• A ‘Go Away: I’m Writing’ doorsign…and a memo to listen to it. I actually have one of these on my door, but no one really pays attention. It’s annoying.
  • Word Count Dragons. Have a look on this forum and find one for yourself. Mine this year are Apollo, Rhiudus and Sprite. Here’s hoping they’ll keep me in check…
  • Equally insane buddies. Have you got any NaNo buddies so you can help each other on the quest to madness? For the first time I actually have people who I haven’t just persuaded into doing it. I have people who want to write a novel! 😀
  • A place to back up. Be in OneDrive, Google Docs, emailing it to yourself, printing it, a memory stick or making the paper fireproof, you need to back up and do it AT LEAST every couple of days!
  • A will and a way. You have the will; you have the way. What’s stopping you?

Seeing as this is the last post before NaNoWriMo hits, I’ll wish you good luck now (but stay tuned for Friday when there’ll be a post on great last lines! – with a link to great first lines).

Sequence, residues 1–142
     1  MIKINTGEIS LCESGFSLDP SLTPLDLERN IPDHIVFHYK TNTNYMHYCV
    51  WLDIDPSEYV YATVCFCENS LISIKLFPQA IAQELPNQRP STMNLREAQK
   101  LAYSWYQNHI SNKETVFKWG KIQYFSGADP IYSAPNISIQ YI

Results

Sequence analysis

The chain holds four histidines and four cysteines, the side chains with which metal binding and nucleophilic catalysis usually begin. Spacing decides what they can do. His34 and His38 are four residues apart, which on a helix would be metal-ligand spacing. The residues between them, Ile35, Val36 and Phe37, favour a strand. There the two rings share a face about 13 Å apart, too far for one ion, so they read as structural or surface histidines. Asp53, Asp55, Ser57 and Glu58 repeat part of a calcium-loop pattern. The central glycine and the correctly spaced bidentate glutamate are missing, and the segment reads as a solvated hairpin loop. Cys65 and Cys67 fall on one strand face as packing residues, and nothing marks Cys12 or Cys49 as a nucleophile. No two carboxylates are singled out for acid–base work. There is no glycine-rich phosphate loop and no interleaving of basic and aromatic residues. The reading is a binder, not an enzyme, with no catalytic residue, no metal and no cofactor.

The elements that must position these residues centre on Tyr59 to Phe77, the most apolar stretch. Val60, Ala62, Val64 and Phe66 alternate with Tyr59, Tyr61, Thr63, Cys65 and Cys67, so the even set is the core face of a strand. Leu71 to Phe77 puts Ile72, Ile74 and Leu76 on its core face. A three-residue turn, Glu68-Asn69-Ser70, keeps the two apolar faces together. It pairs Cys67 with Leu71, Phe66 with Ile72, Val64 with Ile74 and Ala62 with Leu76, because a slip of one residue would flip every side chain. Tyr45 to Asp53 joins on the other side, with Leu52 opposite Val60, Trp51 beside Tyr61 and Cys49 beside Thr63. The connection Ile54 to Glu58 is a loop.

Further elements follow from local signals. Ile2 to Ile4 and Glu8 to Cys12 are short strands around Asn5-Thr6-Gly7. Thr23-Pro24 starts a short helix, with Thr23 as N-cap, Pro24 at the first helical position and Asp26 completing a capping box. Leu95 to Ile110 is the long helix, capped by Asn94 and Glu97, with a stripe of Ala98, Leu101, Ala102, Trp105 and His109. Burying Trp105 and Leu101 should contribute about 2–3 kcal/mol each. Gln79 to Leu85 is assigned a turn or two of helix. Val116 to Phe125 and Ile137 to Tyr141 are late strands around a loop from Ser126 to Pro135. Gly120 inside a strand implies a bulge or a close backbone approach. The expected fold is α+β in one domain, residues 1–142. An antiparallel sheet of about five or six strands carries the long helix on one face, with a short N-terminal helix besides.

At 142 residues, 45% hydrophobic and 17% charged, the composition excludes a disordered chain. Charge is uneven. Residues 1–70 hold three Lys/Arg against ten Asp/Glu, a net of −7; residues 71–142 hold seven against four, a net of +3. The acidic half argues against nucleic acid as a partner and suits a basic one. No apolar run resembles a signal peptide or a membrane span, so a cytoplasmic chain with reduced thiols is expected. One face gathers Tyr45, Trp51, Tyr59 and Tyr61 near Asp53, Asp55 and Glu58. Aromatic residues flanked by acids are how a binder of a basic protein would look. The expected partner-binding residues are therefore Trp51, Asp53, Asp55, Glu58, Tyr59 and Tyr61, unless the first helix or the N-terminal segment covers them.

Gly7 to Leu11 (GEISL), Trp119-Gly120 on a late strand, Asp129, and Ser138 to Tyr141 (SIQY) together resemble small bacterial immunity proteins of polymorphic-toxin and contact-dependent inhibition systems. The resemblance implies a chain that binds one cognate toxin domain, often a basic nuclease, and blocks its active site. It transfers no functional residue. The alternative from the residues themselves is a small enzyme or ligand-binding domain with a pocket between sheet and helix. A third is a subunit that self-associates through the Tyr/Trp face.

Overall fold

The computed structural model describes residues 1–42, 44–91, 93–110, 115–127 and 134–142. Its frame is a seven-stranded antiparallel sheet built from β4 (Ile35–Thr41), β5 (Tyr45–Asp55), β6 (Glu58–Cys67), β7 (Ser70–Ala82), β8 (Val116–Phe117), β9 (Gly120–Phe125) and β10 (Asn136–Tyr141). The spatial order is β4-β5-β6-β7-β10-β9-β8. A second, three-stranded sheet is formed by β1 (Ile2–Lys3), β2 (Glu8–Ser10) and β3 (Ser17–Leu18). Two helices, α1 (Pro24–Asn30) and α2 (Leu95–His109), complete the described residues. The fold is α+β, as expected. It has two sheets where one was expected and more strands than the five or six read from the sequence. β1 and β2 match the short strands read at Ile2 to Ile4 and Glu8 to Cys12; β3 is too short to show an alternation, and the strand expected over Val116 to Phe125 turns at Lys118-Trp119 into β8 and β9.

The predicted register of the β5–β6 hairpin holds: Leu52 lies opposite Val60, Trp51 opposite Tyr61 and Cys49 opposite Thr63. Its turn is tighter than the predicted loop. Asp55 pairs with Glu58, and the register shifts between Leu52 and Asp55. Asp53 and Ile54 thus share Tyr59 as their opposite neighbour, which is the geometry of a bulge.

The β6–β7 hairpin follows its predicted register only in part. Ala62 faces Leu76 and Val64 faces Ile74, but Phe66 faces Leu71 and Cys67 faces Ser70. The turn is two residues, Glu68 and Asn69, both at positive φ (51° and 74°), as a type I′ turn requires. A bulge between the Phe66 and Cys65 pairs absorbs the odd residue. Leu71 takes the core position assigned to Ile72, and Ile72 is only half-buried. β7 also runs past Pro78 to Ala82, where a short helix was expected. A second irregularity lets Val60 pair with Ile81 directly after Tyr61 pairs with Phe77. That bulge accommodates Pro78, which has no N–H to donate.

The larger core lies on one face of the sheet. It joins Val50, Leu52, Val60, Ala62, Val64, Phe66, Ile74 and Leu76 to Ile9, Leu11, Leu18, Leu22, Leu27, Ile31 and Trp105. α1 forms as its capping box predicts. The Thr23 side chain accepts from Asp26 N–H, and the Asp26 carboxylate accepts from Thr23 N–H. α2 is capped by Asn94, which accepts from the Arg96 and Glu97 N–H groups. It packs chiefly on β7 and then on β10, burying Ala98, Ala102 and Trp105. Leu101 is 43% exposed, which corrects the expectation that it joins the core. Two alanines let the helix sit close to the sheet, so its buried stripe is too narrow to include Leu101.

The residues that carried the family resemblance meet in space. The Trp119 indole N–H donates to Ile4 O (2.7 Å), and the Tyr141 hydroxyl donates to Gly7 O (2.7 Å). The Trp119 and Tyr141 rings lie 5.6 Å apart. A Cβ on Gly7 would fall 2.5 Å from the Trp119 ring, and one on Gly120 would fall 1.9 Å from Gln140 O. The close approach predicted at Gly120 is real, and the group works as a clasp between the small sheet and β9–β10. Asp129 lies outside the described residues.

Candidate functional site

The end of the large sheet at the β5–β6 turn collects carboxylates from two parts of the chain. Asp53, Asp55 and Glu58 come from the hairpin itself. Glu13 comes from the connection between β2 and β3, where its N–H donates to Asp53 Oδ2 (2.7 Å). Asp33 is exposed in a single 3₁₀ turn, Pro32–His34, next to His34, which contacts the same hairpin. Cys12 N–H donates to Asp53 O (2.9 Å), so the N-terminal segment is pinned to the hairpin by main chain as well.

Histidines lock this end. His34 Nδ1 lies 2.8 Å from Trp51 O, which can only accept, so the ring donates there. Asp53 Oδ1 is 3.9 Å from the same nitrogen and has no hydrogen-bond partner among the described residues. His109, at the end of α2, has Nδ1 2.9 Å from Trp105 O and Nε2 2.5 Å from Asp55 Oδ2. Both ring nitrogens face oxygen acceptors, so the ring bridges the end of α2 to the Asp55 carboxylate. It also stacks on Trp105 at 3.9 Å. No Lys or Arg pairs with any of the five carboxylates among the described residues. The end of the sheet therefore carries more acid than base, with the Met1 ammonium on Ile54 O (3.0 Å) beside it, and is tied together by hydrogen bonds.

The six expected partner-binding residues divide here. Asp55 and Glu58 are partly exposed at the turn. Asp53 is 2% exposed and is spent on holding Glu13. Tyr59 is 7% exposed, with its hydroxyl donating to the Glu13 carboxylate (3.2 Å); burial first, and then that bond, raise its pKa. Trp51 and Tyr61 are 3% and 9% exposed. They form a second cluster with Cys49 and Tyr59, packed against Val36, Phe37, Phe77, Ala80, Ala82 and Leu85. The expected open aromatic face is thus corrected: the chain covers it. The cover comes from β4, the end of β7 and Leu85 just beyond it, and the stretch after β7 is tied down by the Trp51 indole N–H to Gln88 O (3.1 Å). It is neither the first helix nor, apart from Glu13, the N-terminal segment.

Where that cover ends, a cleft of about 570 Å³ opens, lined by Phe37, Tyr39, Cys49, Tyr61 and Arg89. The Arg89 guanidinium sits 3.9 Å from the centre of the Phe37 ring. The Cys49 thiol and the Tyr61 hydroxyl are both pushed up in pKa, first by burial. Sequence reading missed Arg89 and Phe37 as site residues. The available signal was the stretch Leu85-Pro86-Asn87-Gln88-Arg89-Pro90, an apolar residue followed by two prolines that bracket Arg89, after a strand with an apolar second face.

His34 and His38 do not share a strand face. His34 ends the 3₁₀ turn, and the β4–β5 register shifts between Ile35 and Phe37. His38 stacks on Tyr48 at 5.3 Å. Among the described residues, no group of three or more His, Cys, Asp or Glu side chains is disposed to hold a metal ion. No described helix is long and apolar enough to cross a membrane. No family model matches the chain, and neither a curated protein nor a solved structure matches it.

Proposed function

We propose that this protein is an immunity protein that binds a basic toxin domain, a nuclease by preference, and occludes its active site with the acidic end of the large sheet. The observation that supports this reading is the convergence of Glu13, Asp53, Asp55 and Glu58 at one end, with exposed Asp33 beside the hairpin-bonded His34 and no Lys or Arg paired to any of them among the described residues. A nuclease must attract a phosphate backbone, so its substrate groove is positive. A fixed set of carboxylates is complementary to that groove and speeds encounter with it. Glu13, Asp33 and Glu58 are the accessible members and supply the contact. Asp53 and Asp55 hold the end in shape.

What’s on your NaNoWriMo checklist? Are you ready for the craziness to begin? Comment below, I always love to hear from you! 😀


I’m /so/ gonna post this every week.

Why ClassTools.net Is SO COOL For a [Sad] Writer

Okay. I’m not a completely child (unless you listen to the law in which case I am) but I’m not a complete adult. I’m at that usual in the middle phase, which means that it’s still socially acceptable for me to play on kids sites, as long as I find something educational. Ha.

When playing about on the computer one day (I think it was at school?) I stumbled upon this site: ClassTools. ClassTools is a website dedicated to teachers, for, unsurprisingly, tools to use in the classroom. Amongst these are gems such as ‘Fakebook’, an SMS creator, and ‘Twister’. No guesses for what these are parodies of…

Why are these so cool for writers? Because it lets you bring your fictional characters to life! Even if you’re writing from the middle ages or the dystopia future where computers enslave the world, just pause and have a go at it for a moment. Turn your characters into living breathing people, who moan about their jobs on Facebook, spam their friends on SMS and upload a subtly hinted Tweet right around Christmas.

You can even save your Fakebooks and Twisters and come back to them later if you’re stuck on something. Perhaps having a Fakebook during a writing project to keep up with it could help you? Post from a different character every day! (Oh, that’s actually a good idea, I might try that.)

It’s just a quick idea about something that could be pretty awesome.

Questions, comments, thoughts? Shoot! 😀